‘Save the Trees’ and ‘Save the Forests’ in Manu Smrti!(Post No.3043)


Picture of Palasa tree

Research Article Written by london swaminathan

Date: 7th    August 2016

Post No. 3043

Time uploaded in London :– 16-24

( Thanks for the Pictures)




(for old articles go to tamilandvedas.com OR swamiindology.blogspot.com)



The topics Manu covers in his Law book are amazing. He makes passing remarks on several things; since ancient people know all these things he takes them for granted. Let us look at the couplets where he mentioned the trees, saving the trees, sacred trees and saving the forests.


If a Brahmin cuts the fruit trees, shrubs, vines, , creepers or  flowering plants , a thousand Vedic verses should be chanted – Manu 11-143


Cutting down green trees for fire wood, undertaking acts for one’s own sake only and eating forbidden food  are minor crimes — Manu 11-65


Assembly halls, road side watering places, cake-stalls, whore houses wine shops , SACRED TREES, cross roads, crowds and places where people assemble for spectacles, GARDENS, ARTIFICIAL GROVES MUST BE WATCHED FOR THIEFS –9-265


Trees that have fruit but no flowers are traditionally known as the Lords of the Forest; those that bear flowers and fruits are called trees–  Manu 1-47


The various sorts of plants that have one root and those with many roots , the different species of grasses and climbing vines and creepers all grow from a seed or a shoot. — Manu 1-48




The belt of a priest should be made up of smooth, three ply rushes; of a ruler it should be a bow string of hemp fibre; and of a commoner, a thread of hemp.

If rushes are unattainable, the belt should be made up of kusa asmantaka or balbaja (Eleusine Indica).

The initiatory thread of a Brahmin should be made up of cotton; of a ruler it should be made up of hemp threads and of a commoner it should be of wool threads.

A priest’s staff should be made up of wood apple (Aegle Marmelos)and the palasa (Butea Frondosa);

A ruler’s of banyan (Ficus Indica) and acacia (Acacia Catechu);

A commoner’s of palm (Careya Arborea) and fig (Ficus Udumbara).

Height of the Staff of a priest – – up to his hair

King = up to his forehead

Commoner = up to his nose


–Chapter 2 of Manu smrti


Sitting on a kusa grass mat is mentined in 2-75




Picture of Acacia Catechu

Grass laid down for a resting place, space to rest, water and pleasant conversation – these four things never run out in the house of good people – 3-101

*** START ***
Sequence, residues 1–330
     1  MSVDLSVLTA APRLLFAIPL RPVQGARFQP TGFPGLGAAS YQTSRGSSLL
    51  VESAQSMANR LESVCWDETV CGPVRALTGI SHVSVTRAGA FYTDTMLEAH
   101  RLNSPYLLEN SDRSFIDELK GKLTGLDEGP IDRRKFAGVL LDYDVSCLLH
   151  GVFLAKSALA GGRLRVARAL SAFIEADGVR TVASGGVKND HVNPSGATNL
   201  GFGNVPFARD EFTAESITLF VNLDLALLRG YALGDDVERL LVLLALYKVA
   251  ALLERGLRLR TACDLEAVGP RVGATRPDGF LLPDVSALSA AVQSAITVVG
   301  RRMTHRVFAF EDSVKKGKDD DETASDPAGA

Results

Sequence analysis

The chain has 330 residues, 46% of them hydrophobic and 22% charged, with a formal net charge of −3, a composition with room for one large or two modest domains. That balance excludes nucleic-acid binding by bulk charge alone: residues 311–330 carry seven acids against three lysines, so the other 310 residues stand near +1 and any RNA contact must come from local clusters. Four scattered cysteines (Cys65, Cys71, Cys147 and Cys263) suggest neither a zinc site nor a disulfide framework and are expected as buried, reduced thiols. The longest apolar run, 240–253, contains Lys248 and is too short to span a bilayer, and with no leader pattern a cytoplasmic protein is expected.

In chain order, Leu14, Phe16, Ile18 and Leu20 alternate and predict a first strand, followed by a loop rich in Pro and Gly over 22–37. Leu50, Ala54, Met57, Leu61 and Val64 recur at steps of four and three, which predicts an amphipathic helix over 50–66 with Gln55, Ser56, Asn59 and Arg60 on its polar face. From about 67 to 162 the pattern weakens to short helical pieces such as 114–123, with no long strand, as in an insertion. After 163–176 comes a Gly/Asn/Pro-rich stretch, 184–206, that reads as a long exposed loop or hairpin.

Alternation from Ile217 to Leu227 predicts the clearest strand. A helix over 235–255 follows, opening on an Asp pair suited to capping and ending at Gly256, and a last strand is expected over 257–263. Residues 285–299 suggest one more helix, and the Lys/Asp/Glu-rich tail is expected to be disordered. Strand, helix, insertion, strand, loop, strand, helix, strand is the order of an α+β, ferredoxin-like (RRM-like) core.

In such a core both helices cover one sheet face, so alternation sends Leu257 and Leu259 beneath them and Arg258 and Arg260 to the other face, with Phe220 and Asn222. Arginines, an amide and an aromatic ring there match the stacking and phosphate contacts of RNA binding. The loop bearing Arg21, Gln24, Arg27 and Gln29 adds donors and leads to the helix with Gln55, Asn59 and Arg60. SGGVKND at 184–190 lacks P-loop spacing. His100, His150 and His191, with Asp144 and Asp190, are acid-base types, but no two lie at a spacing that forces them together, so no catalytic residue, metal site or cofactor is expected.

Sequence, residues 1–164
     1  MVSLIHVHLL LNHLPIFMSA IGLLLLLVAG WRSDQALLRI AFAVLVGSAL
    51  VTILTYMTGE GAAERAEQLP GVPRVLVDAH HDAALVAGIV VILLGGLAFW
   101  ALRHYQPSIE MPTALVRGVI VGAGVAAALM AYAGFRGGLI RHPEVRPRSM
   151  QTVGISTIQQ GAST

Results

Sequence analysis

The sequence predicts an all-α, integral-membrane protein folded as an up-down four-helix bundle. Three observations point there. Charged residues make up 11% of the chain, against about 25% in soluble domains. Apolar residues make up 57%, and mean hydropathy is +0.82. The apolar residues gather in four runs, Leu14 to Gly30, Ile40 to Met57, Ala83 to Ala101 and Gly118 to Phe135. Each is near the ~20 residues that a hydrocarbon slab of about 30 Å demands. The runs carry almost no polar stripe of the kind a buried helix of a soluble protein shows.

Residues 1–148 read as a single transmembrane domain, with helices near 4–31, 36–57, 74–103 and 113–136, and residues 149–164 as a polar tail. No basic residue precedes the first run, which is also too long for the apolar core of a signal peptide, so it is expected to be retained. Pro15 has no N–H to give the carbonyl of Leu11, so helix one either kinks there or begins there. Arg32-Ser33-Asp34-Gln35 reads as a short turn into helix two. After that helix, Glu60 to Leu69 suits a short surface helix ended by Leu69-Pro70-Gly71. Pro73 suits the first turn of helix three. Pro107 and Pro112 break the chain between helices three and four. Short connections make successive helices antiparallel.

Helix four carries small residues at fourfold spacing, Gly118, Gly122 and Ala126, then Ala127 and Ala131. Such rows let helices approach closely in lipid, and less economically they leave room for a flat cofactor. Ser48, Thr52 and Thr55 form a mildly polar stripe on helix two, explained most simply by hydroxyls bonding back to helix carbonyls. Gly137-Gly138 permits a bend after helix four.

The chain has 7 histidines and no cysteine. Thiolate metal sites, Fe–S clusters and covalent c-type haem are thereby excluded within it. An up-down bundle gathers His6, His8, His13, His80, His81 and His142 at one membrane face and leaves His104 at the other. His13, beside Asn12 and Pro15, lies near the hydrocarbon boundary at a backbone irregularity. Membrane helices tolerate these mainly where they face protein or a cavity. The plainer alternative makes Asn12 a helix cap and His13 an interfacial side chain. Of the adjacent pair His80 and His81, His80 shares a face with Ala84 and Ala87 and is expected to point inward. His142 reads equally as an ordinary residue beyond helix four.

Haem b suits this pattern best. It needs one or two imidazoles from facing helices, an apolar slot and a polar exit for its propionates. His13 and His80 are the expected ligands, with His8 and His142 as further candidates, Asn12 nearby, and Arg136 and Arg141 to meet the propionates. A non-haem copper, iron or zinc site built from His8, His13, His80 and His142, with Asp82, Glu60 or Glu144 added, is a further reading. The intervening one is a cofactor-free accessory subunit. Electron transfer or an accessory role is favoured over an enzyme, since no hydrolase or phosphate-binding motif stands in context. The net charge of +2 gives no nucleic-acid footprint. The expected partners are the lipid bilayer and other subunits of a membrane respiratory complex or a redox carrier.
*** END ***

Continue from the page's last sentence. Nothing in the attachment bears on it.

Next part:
Priests should sit on a seat of sacrificial grass/ kusa—3-208.

Kusa grass and mat made up of Kusa grass are emtioned in several places.

Weights made up of krsnala seeds (Kundu mnani in Tamil) are found in the book.

It is good to see so many plants names in a Law Book.



From these passages we come to know:-

Cutting trees is a crime;

Preserving trees is encouraged;

Sacred trees were there in every town;

Gardens and artificial groves were there;

Temples and Kiosks/stalls were constructed underneath huge trees.

Like Tamil kings had three different trees for each of them, three castes have different trees.

Even before the Westerners classified the plants, Hindus divided them into various groups.




Picture of Darba/Kusa mats

Please read my research articles posted here earlier: –

Flowers in Tamil Culture, posted on 25 August 2012

Confusion about Vedic Soma Plant , posted on 5 May 2013

107 Miracle Herbs in the Hindu Vedas, posted on 16 September 2013 

255 Indian trees, herbs and flowers mentioned in Brhat Samhita Part-1, posted 21 February 2015

255 Indian trees, herbs and flowers mentioned in Brhat Samhita Part-2, posted on 23 February 2015

Amazing Medical information in Hindu Vedas, posted here on 18 June 2015

Jangida Mystery in Atharva Veda , posted on 29 December 2014


Hindus’ Amazing Knowledge in Botany, posted here on 20 July 2014

Knowledge of Biology in Hindu scriptures, posted on 10 February 2013

Dynasties with Plant names and Dynasty in Shiva’s Bilva tree name, posted on 24 January 2015

Lord Shiva and Tamils adopted Trees, posted on 6 July 2013

Hindus’ respect for trees and forests , posted on 18 February 2015

Cucumber in the Rig Veda